Walking to get to work or to run errands is more popular than ever, especially in San Diego. Unfortunately, even as more people hit the streets on foot, this does not always mean that car drivers are aware of the risks and avoid getting in accidents. All too often, a driver’s negligence leads to a pedestrian accident that renders a victim severely injured or disabled, forming the basis of San Diego personal injury claims.

In 2015 and 2016, pedestrian deaths at California’s intersections have been on the rise. Those pedestrians who do survive an accident may have disabilities that impact them for years to come. Trying to overcome the challenges of severe injuries can be difficult if not impossible for a pedestrian accident victim. This is one of the leading reasons why an injured pedestrian will file San Diego personal injury claims.

Across the country, too, pedestrian deaths have experienced an uptick. National numbers show that pedestrian fatalities are up by 7%. It is also expected that pedestrian deaths may reach as high as 10 percent increases. Part of the reason for the higher number of injuries and deaths has to do with the fact that not only are more people walking, but more people are also driving, too. As the economy has improved and gas prices have trended down, unfortunately, this means that pedestrians, cyclists, and other vehicle drivers may face an increased risk of being seriously hurt in an accident.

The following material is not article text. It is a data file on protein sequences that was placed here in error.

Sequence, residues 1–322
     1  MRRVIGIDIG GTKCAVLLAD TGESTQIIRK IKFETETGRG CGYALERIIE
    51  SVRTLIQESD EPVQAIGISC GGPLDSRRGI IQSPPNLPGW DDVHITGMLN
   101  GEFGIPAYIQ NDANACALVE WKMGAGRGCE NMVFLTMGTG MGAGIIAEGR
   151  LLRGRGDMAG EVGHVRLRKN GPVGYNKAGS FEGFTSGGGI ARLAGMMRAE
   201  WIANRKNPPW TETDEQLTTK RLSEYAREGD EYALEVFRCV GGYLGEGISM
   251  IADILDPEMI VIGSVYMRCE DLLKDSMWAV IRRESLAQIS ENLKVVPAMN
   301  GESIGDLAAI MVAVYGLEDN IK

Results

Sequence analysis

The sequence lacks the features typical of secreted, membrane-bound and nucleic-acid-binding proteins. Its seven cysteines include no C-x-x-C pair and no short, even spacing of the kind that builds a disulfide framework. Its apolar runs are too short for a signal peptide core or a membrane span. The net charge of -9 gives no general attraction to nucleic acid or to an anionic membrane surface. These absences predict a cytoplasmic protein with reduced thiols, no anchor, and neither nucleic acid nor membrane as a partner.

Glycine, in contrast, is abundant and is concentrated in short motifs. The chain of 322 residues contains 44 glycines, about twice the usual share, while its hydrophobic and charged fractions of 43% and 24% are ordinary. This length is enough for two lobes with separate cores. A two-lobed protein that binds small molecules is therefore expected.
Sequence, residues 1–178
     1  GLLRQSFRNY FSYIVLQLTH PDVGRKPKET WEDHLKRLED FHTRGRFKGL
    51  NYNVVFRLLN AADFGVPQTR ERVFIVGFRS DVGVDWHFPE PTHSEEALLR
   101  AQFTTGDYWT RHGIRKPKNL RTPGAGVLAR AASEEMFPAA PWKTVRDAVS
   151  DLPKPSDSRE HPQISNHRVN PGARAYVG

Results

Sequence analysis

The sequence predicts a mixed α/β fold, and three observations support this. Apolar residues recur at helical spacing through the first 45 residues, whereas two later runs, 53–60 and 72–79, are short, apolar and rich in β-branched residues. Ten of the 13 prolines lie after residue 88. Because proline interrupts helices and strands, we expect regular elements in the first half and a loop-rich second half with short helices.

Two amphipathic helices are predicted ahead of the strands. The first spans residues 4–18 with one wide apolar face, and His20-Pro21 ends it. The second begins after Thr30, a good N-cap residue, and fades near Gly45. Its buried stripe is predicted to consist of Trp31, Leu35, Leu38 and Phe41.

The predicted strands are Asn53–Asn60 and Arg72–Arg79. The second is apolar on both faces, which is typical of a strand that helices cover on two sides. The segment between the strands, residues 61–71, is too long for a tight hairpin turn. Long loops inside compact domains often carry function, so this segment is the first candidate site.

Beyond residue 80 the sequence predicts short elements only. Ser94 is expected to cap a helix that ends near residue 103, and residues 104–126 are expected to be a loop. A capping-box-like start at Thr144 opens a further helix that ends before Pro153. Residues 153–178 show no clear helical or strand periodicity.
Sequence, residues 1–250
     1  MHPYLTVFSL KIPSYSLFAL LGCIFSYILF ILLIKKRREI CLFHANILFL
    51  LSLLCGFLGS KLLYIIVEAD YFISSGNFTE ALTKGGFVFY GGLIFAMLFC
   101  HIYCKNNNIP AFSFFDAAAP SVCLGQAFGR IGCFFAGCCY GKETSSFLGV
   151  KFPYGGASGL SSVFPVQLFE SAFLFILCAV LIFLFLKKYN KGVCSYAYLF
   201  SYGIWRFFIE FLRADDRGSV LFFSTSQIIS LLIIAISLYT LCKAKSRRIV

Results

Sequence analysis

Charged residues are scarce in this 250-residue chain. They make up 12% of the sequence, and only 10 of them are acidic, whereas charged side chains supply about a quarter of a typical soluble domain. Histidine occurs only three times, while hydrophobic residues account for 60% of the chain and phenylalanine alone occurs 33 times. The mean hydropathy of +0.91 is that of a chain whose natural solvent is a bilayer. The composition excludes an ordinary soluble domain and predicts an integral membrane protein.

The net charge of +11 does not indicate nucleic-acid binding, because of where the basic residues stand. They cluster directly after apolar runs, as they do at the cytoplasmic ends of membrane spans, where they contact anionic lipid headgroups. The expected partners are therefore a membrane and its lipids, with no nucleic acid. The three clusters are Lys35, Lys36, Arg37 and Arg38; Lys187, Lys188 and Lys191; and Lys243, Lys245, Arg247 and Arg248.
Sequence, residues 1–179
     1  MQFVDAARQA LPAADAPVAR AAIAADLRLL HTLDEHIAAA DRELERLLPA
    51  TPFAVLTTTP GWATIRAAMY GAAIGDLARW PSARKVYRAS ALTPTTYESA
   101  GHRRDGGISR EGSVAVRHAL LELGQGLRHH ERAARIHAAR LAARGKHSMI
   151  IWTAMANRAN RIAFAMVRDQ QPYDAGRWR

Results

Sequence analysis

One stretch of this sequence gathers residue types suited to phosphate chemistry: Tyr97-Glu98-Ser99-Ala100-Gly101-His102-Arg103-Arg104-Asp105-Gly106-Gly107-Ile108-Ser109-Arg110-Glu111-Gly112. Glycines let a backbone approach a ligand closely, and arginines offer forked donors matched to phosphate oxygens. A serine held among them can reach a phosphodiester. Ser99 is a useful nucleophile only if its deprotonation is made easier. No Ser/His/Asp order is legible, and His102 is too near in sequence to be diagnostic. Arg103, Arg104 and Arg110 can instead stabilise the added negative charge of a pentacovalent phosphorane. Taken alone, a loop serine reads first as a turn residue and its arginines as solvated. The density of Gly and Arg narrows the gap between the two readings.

Vehicle manufacturers have continued to make upgrades to technology inside cars that can help prevent accidents, but pedestrians don’t have any of those protections. Given that cars come with safety features like seatbelts and airbags, a pedestrian being struck by a vehicle even traveling at 30 miles per hour can sustain significant damage.

Pedestrian accidents can even form the basis of a San Diego personal injury claim if the driver was responsible for the injuries sustained by a pedestrian or any other victim. California law empowers victims to pursue legal claims when someone else is responsible.